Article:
Sunday, July 31, 2016

Apple Crisp


One of the few trees already existing at our house is an apple tree in the middle of the hedge that runs along the back fence line. For the past several weeks, it has been loaded with apples and with them, flocks of birds. The scrub jays are the ones that seem to be enjoying them the most (as well as disrupting the peace and quiet with their incessant cawing).

I have been picking a few of the apples, thinking that they were probably no good, but it turns out they are okay for the most part.

I made an apple crisp this afternoon. 

The late summer sun here looks just like autumn in the South. It is very strange but wonderful.

Apple Crisp

  • 4 or 5 medium tart apples, peeled and sliced
  • 3/4 cup packed brown sugar
  • 1/2 cup all-purpose flour
  • 1/2 cup old-fashioned oats
  • 1/3 cup butter, softened
  • 1 tsp. cinnamon
  • 1/2 tsp. nutmeg

Preheat the oven to 375. Grease an 8x8 pan with butter or shortening.

Spread the apples in the pan.

Combine all the other ingredients and sprinkle over the apples.

Bake for 30 minutes (or until the top is golden brown and the apples are tender).




Text and photos by Phillip Oliver, Dirt Therapy

Monday, July 25, 2016

Green Neighbors Natural Garden Tour

Plitt garden (Vancouver, Washington)

A few weeks ago, we went on the Green Neighbors Natural Garden Tour which featured ten eco-friendly gardens in the Vancouver (Clark County) area. We saw all but two gardens and got a chance to see parts of the county that we had not visited before, like Washougal, which reminded us a lot of North Carolina.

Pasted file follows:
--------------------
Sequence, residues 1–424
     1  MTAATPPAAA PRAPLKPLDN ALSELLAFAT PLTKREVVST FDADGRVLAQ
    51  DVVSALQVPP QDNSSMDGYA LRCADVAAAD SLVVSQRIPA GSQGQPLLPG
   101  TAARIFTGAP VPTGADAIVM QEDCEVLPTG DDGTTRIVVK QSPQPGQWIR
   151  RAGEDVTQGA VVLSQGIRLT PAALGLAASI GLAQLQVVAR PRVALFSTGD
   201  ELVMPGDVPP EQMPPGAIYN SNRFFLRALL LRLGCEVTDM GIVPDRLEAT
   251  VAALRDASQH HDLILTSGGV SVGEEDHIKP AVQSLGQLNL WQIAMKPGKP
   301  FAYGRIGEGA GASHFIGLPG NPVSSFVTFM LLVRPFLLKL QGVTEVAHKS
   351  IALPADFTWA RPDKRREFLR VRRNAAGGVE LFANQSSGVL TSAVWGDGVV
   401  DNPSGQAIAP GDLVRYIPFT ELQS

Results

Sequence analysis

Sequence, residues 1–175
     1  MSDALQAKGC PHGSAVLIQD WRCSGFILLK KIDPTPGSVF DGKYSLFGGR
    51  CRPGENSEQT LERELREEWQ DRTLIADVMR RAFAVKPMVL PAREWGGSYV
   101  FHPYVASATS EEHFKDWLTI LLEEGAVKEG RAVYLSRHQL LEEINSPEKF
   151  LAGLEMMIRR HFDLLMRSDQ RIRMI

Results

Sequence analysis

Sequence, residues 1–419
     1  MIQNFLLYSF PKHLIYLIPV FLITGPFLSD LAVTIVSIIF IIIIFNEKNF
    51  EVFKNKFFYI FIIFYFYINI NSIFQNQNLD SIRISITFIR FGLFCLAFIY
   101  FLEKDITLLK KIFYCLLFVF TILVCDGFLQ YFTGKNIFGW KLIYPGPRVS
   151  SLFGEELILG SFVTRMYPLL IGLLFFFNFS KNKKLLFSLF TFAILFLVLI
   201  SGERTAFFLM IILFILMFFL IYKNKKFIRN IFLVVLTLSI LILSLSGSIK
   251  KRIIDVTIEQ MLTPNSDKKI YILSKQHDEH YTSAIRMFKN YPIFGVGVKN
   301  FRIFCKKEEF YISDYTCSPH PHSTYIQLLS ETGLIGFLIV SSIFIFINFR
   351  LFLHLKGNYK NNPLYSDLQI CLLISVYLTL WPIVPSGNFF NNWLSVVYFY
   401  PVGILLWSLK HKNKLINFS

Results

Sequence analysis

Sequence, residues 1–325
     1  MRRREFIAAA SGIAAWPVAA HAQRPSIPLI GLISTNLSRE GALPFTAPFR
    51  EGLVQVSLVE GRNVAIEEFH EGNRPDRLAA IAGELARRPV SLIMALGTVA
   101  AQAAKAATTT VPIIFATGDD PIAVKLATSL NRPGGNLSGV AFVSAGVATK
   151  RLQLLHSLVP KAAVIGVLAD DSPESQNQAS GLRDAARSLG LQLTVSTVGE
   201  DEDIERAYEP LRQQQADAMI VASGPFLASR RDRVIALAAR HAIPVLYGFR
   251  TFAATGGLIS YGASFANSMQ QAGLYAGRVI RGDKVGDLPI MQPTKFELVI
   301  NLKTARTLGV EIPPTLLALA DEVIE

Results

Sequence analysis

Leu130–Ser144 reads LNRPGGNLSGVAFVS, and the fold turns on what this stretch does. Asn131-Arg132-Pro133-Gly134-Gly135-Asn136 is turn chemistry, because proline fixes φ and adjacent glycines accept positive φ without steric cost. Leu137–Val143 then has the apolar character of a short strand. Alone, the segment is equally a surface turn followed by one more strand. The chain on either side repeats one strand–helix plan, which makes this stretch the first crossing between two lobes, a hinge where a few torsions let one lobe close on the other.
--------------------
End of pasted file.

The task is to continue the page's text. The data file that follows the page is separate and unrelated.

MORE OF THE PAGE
The gardens ranged in size, from larger ones with more than an acre to very tiny ones. All of the gardeners practiced sustainable gardening techniques (no chemicals, pesticides or herbicides).


This small front garden was a rain garden and a good example of how to prevent storm water runoff. This is something I am interested in. I have been thinking about ways to add a rain barrel to catch water that would otherwise be wasted. We have gutters all around our house but I know there has to be a way around that.
I loved the color combinations here. I am suddenly a big fan of orange, a color that I tended to stay away from in our formal garden. (Garden of Barbara Samuels)
This beautiful combination was in the only garden (Brenda Wilson) on the tour located near our neighborhood.
The Ferguson garden in Washougal was located on the banks of a river and was full
of wildflowers and herbs.

Brenda Calvert's garden in Brush Prairie had chickens, bees, an orchard and large vegetable garden.
A beautiful Sumac ('Tiger Eyes') in the garden of Monica Zapulla.


We almost skipped the Karen Plitt garden in Brush Prairie because we thought it was too far away but I am so glad we ventured on. It was the largest garden with several ponds, water features and beautiful perennials and native plants.